The prophet Micah exposed the sins of idolatry and prostitution in Israel and Judah. Micah, being sore troubled, writes “8 for this will I lament and wail; I will go stripped and naked; I will make a wailing like the jackals and a lamentation like the ostriches. 9 for her wounds are incurrable; for it is come even unto Judah; it reaches unto the gate of my people, even to Jerusalem” (Micah 1:8-9).
Micah considers the people's sins as a festering wound that will not heal. One can only imagine a terrible flesh wound that continues to be mashed into the ground and tormented every day so that it has no chance of healing. Sins that go on without shame are like a festering wound that one does not take care of. The natural thing to do would be to take care of the wound and get it healed. Those; however, that love sin will keep doing the very things that brought the wound on in the first place. Such a mind is so bent on sin that it loses sight of the health of the eternal soul.
Sin has a way of deluding the mind and causing man to not be aware or care for the consequences of their actions. Sinful man can only see the immediate gratification before their eyes.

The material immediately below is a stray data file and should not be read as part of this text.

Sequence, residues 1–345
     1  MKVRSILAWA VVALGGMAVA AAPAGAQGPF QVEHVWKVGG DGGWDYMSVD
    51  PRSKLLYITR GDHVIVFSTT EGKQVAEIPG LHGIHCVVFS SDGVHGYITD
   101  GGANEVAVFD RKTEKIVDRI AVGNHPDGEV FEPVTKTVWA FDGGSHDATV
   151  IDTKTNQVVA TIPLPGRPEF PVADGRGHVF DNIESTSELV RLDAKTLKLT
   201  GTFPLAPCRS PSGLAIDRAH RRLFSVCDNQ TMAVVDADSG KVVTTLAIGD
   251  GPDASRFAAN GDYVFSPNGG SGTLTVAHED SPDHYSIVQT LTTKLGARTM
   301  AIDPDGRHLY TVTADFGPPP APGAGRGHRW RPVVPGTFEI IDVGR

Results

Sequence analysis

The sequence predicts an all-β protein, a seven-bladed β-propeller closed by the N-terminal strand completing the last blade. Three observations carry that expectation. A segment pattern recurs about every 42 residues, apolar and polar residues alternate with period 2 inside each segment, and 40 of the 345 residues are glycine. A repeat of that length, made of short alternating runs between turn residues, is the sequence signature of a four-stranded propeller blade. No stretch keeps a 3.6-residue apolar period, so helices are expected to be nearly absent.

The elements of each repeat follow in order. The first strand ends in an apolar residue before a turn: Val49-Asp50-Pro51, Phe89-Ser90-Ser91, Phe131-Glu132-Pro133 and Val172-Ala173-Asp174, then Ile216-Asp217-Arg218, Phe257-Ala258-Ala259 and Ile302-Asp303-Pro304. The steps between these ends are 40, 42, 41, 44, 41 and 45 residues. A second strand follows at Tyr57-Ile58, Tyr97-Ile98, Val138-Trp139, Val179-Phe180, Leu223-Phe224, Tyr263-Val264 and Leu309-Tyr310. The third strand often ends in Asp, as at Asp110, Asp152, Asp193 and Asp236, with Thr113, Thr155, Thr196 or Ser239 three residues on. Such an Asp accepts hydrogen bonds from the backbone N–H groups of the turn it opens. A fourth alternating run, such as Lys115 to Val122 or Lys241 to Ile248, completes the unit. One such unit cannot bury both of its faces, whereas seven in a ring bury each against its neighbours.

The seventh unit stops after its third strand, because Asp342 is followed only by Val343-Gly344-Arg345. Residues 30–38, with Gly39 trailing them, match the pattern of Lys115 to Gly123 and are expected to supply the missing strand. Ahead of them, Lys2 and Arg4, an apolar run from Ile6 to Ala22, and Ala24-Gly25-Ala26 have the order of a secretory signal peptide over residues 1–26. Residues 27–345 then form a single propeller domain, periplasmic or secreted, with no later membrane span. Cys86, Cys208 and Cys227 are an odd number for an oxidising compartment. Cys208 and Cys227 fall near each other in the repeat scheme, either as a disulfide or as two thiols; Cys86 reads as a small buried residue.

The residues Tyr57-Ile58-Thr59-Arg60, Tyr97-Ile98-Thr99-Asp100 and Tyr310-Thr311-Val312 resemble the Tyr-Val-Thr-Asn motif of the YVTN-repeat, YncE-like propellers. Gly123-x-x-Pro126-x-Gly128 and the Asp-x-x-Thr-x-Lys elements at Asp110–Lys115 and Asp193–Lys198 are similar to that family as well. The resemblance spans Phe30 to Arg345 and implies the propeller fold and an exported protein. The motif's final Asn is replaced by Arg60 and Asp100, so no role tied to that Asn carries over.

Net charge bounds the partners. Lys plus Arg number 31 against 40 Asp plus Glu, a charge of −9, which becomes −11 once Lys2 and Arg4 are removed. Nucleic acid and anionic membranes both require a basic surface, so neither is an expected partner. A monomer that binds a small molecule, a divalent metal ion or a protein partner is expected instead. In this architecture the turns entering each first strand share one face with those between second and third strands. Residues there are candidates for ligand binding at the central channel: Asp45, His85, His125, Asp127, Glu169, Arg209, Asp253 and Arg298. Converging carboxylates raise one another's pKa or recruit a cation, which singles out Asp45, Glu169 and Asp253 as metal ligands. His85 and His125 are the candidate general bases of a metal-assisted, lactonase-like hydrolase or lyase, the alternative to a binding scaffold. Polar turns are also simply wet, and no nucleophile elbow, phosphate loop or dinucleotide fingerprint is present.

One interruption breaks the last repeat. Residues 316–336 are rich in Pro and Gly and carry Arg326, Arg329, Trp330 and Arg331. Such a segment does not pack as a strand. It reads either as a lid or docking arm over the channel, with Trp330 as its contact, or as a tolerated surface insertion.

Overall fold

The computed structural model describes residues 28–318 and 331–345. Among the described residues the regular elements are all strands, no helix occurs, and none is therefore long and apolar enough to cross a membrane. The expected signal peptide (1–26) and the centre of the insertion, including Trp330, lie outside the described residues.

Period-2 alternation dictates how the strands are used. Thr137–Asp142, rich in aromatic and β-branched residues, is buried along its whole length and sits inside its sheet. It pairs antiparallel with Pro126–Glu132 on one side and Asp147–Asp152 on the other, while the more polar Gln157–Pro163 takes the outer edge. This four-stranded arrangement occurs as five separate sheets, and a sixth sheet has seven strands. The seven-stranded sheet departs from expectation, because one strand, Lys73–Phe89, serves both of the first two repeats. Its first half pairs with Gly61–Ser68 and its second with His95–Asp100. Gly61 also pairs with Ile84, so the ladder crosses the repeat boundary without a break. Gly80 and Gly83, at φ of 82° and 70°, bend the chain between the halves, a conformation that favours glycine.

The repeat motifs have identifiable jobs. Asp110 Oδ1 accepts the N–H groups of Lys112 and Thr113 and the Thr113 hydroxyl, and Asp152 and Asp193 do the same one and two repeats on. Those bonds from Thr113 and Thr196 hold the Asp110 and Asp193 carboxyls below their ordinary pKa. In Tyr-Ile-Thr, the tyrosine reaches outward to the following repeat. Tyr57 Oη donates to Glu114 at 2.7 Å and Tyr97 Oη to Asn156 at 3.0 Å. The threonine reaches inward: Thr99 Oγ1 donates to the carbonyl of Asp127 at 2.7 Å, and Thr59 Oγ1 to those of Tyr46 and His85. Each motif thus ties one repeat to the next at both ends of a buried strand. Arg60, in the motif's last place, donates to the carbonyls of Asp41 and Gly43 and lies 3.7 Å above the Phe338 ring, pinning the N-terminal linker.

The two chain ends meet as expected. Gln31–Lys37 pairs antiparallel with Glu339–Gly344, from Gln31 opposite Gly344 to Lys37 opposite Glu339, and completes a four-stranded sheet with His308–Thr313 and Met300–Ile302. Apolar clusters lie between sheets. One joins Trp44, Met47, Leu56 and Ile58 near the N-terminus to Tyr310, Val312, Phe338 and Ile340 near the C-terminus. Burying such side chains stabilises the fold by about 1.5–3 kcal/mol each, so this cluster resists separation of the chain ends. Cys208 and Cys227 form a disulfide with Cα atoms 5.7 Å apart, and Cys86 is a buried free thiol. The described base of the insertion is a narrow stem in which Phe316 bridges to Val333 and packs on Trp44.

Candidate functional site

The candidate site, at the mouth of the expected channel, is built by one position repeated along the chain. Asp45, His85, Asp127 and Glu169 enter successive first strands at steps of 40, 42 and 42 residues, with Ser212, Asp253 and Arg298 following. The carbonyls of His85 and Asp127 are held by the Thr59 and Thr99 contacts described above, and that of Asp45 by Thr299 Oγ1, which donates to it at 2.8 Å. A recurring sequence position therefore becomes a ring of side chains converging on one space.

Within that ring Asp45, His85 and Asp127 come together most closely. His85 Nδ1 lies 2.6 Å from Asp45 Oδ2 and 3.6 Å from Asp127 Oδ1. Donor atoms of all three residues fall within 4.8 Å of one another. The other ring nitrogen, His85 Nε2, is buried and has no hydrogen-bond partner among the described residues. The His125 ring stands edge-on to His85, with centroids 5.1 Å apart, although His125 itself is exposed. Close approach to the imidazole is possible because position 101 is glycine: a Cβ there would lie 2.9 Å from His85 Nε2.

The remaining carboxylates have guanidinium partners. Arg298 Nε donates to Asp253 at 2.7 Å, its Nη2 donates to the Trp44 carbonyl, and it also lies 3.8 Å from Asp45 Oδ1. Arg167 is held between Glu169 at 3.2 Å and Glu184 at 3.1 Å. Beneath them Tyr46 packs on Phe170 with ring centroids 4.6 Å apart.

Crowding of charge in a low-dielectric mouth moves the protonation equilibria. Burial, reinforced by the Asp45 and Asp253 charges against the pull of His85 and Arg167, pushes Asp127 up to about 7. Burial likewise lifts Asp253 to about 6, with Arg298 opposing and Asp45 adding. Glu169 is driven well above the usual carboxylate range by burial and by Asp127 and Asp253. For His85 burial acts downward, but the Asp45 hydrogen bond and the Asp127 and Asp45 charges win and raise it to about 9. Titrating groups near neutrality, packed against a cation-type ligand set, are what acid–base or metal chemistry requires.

such sins may continue a lifetime and at the end man may look back on all the carnage he has caused not only in his own soul but the destroyed lives of others.
God sees and hears all that man does in every generation (see Jeremiah 23:23-25). There will consequentially be no viable excuse for the wicked when God judges mankind by his works (Romans | :20 and Revelation 20:10-15). The wounds of idolatry and prostitution must be healed before spiritual healing can take place (Micah 1:9). Many today put their personal desires, opinions, convictions, and conscience above the laws of God and bring great trouble to their lives and the lives of others (see Jonah 2:8).
Micah helps us open our eyes to our sins so that we may be healed. The Apostle Peter once said, "Repent therefore, and turn again, that your sins may be blotted out, that so there may come seasons of refreshing from the presence of the Lord" (Acts 3:19). Let us all open our eyes to the true works of our mind and hands. If there is sin then let us be of a humble and contrite mind so that we may repent and receive forgiveness. Isaiah, speaking on behalf of God said, "2 For all these things hath my hand made, and so all these things came to be, said Jehovah: but to this man will I look, even to him that is poor and of a contrite spirit, and that trembles at my word" (Isaiah 66:2). Are you humble, meek, lowly, and contrite of heart? Look into your lives and cleans yourselves of all defilements of the flesh that separates you from God rather than letting those wounds of sin fester into a killing disease (see 2 Corinthians 7:2).
John C Robertson